George Takei, perhaps most known for his role as Hikaru Suli in the TV series Star Trek, gave a TED talk about how much he values American democracy, despite the fact that his first experience with it was a devastating one.
After Japan bombed Pearl Harbor in 1941, Takei and his family, along with Japanese Americans all along the West Coast, were rounded up into internment camps and were not released until the end of the war. As a teenager, Takei struggled to align his early childhood experiences with the ideals of American democracy that were so often touted as he received his education. It was his father who helped him navigate what American democracy mean. He explained that American democracy is a people's democracy, and that it can be as great as people can be, and also as fallible as people are.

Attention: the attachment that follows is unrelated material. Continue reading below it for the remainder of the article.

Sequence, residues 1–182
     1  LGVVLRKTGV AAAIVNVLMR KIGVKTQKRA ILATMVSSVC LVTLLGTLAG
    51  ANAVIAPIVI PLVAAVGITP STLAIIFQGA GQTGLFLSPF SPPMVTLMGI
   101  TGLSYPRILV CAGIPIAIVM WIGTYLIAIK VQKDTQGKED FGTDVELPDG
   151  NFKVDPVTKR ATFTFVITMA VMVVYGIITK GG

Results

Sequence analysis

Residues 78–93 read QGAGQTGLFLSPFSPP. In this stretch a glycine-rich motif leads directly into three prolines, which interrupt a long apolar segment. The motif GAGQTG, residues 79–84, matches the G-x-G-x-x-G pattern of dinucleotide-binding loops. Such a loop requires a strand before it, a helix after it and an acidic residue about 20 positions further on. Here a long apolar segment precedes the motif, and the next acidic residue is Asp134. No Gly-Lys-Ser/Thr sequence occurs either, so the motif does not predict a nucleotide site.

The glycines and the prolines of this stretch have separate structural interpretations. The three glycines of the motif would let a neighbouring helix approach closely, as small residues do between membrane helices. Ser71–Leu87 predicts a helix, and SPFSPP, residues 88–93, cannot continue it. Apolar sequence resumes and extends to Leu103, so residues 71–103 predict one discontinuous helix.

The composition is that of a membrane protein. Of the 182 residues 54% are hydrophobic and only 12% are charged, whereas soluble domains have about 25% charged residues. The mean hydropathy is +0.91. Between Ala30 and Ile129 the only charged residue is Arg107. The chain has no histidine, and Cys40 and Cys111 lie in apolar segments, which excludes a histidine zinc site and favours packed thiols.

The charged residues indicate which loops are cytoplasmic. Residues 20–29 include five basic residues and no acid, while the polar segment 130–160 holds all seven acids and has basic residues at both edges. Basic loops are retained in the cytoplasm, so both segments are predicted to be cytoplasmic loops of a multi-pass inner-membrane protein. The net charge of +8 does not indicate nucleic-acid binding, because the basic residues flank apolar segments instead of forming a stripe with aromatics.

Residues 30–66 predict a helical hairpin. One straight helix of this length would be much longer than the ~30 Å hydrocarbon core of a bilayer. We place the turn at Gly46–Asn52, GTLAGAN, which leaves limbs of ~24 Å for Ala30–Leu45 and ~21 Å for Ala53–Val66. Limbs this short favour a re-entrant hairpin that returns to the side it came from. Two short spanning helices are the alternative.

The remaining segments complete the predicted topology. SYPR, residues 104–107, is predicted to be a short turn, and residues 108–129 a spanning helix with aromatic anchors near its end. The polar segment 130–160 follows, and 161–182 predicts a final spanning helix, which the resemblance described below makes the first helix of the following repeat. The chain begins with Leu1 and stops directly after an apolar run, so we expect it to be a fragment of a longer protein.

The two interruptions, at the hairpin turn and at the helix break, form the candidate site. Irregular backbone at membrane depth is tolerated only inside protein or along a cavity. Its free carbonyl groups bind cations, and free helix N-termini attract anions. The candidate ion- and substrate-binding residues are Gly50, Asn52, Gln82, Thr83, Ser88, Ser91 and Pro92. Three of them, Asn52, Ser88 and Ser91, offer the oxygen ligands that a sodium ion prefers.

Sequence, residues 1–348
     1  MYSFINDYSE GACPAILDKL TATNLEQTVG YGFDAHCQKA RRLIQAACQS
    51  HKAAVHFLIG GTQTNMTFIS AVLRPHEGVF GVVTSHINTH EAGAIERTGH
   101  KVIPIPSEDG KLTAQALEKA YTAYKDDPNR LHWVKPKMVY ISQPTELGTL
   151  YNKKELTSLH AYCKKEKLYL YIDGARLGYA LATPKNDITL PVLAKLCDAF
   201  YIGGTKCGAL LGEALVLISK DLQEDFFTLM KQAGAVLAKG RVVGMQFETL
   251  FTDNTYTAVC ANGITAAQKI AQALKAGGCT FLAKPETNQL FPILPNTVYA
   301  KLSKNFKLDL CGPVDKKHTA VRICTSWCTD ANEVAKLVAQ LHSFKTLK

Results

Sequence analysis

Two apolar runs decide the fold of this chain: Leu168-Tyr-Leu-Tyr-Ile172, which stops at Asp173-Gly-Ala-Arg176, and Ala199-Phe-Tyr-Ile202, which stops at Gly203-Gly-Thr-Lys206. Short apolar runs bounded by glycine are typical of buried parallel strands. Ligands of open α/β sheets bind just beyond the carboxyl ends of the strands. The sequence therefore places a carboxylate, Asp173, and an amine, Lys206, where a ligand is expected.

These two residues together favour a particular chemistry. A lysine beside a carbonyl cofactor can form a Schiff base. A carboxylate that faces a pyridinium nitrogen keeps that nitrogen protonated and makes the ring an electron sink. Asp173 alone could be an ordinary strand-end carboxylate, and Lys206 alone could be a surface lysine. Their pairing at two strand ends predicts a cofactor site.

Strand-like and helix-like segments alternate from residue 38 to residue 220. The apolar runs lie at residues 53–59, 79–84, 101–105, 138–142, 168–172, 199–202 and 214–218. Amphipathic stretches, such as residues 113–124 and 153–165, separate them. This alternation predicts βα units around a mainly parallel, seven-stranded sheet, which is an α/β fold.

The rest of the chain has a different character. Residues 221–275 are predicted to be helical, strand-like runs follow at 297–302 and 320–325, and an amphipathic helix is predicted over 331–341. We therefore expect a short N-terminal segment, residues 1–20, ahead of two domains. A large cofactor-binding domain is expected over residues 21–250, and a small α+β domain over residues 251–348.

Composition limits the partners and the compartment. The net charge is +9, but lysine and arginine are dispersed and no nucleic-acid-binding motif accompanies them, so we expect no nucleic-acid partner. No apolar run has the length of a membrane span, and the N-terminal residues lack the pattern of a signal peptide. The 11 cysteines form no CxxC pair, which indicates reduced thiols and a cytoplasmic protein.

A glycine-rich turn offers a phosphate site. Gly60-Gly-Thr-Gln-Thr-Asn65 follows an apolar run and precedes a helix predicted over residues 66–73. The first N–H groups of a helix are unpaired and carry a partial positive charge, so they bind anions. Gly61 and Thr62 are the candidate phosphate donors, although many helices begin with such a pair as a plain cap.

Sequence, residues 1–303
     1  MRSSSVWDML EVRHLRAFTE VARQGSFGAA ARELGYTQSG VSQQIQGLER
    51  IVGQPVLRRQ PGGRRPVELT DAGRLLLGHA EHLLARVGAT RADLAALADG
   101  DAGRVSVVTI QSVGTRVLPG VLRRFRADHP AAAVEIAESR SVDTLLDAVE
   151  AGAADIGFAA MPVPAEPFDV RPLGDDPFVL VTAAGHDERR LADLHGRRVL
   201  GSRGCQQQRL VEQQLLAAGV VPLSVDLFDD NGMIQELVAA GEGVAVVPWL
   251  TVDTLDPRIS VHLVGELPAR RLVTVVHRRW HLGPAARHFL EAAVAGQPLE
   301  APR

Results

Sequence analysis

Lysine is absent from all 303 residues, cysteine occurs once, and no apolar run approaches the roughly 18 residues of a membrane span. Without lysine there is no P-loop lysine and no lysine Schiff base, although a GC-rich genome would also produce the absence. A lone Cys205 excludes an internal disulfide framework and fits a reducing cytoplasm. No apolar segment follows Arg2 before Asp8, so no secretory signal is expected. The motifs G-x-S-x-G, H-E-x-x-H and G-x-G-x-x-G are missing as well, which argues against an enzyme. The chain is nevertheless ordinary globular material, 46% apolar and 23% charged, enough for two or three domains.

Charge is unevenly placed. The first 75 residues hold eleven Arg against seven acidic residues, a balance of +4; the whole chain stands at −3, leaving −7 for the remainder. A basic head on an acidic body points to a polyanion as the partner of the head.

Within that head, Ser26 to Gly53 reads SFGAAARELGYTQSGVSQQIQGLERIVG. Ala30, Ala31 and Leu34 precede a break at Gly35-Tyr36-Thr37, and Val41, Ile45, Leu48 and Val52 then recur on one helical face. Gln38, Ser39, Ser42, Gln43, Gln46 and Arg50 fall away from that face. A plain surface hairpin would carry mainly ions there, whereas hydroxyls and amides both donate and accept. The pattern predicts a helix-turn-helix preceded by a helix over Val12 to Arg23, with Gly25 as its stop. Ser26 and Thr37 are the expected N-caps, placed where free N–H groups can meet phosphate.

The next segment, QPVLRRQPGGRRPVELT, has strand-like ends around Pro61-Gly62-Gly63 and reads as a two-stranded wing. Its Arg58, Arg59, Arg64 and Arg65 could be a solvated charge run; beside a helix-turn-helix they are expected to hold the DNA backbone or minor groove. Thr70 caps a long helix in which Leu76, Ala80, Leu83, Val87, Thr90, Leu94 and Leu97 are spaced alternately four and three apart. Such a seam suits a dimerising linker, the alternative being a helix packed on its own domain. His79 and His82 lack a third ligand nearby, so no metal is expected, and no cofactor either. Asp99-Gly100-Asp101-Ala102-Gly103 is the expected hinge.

George Takei also spoke about the decorated heroes of the 442nd Combat Team during the Second World War, which was made up almost entirely of Japanese Americans, and which won the battle for the Gothic Line once the draft was opened up to interned Japanese Americans. It is with these men in mind, as well as the example his father set for him, that Takei is dedicated to making his country and its democracy better. Because of the examples set by his heroes, and the struggles Japanese Americans have faced, he stands before the audience not only as a "gay Japanese American, but more than that, as a proud American."
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